Top golfers turn on Greg Norman amid $260 million controversy

Greg Norman is pictured here during an event in 2012.
Greg Norman's breakaway competition is proving a hard sell for some of the world's best golfers. Pic: Getty

Two of the world's best golfers have poured cold water on Greg Norman's controversial new breakaway competition, insisting their focus is purely on the PGA Tour.

Norman has spoken out amid backlash over a new 10-tournament series on the Asian Tour, insisting it is not a "direct attack" on the PGA Tour.

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The Aussie golf legend has been named as the CEO of LIV Golf Investments (LGI), a newly formed company backed by the Private Investment Fund of Saudi Arabia.

A company press release last week said Norman's appointment will "set in motion a number of momentous developments for professional golf worldwide".

Norman said the investment of at least $260 million in prize money over the next 10 years "is only the beginning" amid rumours that he will also become the commissioner of a new Saudi-funded breakaway golf league.

Major winners Justin Thomas and Brooks Koepka told reporters they have no interest in the new competition being spearheaded by Norman.

The American stars are among those who tee off in Thursday's opening round of the Mayakoba Championship at par-71 El Camaleon, a course in Mexico designed by Norman.

The Super League would start in 2022 and feature 10 events worldwide sanctioned by the Asian Tour, with top stars said to be guaranteed huge paydays.

The US PGA Tour has responded by saying any golfers participating in the rival circuit would face life bans from PGA events.

It's similar to a breakaway idea Norman championed in the 1990s that led to the creation of WGC events within the PGA umbrella.

Four-time major champion Koepka, ranked 13th, said his attention is aimed at PGA events.

"Seems like there's a bunch of stuff going on, but at the end of the day there's only one tour I'm playing right now, so I'm only interested in that one," Koepka said.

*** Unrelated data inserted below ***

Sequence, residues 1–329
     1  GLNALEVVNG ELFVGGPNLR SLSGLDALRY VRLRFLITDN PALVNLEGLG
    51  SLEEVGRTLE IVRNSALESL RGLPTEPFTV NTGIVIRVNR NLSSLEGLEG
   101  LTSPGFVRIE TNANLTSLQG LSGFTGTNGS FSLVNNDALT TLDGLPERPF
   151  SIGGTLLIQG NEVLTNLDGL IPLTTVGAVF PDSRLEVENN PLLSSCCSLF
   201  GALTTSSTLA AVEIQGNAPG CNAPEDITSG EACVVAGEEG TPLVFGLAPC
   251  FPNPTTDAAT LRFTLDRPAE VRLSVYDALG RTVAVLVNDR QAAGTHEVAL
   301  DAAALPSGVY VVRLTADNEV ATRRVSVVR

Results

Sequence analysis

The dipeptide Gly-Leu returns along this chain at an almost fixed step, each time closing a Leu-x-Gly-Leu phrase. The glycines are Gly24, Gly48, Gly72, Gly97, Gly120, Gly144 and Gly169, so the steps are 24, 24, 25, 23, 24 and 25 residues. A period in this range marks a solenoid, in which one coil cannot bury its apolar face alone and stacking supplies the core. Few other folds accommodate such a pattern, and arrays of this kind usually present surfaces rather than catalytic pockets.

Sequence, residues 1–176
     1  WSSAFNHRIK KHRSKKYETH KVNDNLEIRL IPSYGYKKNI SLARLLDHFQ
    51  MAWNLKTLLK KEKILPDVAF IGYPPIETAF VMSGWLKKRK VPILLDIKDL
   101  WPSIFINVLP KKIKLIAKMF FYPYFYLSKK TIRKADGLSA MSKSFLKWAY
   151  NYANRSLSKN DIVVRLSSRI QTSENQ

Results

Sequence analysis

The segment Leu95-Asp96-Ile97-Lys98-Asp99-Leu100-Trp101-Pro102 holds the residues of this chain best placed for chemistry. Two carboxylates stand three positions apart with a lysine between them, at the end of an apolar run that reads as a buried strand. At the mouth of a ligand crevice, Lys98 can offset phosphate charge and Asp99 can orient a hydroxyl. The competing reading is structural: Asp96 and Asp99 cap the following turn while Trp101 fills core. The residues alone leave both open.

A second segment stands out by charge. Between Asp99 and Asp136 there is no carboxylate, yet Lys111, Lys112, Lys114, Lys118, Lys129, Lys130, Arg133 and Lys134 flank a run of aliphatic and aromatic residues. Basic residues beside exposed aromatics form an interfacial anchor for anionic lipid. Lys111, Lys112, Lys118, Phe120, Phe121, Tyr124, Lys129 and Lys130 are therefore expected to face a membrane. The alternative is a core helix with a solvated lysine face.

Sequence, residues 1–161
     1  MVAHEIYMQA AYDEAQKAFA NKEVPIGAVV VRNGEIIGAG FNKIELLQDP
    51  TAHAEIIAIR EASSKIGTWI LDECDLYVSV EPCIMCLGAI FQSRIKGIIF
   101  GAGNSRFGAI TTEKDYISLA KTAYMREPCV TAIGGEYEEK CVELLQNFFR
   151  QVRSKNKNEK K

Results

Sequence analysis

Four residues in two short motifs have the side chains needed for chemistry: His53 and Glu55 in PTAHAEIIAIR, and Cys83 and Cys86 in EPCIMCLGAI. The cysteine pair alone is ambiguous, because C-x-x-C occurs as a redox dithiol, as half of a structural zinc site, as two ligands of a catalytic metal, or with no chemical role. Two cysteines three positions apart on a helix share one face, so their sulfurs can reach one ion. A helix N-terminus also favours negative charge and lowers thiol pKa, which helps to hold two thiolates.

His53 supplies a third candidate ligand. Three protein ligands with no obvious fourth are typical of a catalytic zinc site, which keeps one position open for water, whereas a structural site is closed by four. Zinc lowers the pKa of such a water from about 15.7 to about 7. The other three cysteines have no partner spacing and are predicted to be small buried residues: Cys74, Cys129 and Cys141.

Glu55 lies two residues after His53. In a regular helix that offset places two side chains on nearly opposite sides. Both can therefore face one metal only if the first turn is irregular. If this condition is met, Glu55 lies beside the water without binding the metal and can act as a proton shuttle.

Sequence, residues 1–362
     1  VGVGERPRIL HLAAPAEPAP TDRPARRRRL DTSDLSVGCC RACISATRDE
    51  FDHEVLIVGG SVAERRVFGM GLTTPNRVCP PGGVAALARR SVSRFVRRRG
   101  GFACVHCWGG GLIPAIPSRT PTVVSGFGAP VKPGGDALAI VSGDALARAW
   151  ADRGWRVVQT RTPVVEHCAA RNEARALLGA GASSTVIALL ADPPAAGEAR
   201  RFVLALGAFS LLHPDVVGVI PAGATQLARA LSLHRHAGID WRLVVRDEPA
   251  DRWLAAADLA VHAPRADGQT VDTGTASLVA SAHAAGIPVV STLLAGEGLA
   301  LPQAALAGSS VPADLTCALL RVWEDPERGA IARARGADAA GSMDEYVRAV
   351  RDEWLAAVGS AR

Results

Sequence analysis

World number seven Thomas, the 2017 PGA Championship winner, has said he isn't interested in jumping to the new league.

Seen here, Justin Thomas of team United States interacts with the crowd during the 2021 Ryder Cup.
American superstar Justin Thomas is not interested in the breakaway competition being spearheaded by Greg Norman. Pic: Getty

"I'm focused on what I'm doing out here," Thomas said.

"Obviously I'm trying to listen and talk to players and people and hear as much as I can, but at the same time, what's most important right now is my career on the PGA Tour and me playing well in Mexico this week.

"I know Greg a little bit. I know that this has kind of been a vision and a hope of his for a while. I know he's excited and the guys that are excited to potentially go do it are probably even more so."

Norman said he felt top golfers were not compensated well enough in the current PGA Tour system, but Thomas said recent changes such as a new $40 million bonus fund for traditional and social media popularity - the Player Impact Program - and a prize money jump has addressed the issue.

Greg Norman in action at the Honda Classic Pro-Am in 2019. (Photo by Ben Jared/PGA TOUR)
Greg Norman in action at the Honda Classic Pro-Am in 2019. (Photo by Ben Jared/PGA TOUR)

"I understand what he's saying, but I think that was something that maybe wasn't addressed as much in the past, but is a lot now," Thomas said.

"With stuff like the Player Impact Program and purses and everything going up, I think it's becoming (better)."

Greg Norman says new competition will benefit golf

Norman refuted suggestions that his involvement in the breakaway competition is not an act of revenge against the PGA Tour for blocking his bid to establish a World Golf Tour in 1994.

"I can categorically say this is not a direct attack on the PGA Tour. It's for the betterment of the game of golf, pure and simple," Norman said.

"There's been a lot of commentary about this being all about me getting even with the Tour. This idea has been around for a long time."

The "strategic alliance" signed between the PGA Tour and European Tour in November of 2020 was widely seen as a response to the threat posed by potential breakaway leagues.

The PGA Tour are reported to be considering a series of autumn events with big prize money, no cuts and appearance money based on FedEx Cup standings.

"Isn't that their fiduciary responsibility, to be doing that every year?" Norman added.

"Shouldn't that be the precedent they set, rather than being reactionary to somebody else's proposal?

"If that story is indeed true then it's great news that the PGA Tour is doing that, truly it is.

"It tells you that maybe, just maybe, this whole LIV Golf Investments project is the competitor that's strong enough to show the world that there are two avenues you can take (in professional golf).

"Who knows, maybe there are three avenues or even four? I don't care. All I know is, if you have a good, solid business plan and you can present it and execute it in the best interests of the game ... hallelujah!"

with agencies

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